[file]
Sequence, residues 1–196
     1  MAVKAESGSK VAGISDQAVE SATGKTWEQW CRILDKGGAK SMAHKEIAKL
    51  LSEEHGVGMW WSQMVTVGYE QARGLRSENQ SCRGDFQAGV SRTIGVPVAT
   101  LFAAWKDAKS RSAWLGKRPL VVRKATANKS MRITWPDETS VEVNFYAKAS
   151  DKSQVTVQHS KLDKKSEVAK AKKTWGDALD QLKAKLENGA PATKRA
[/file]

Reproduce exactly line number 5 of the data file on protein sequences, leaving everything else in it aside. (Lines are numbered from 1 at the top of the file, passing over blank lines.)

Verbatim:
   151  DKSQVTVQHS KLDKKSEVAK AKKTWGDALD QLKAKLENGA PATKRA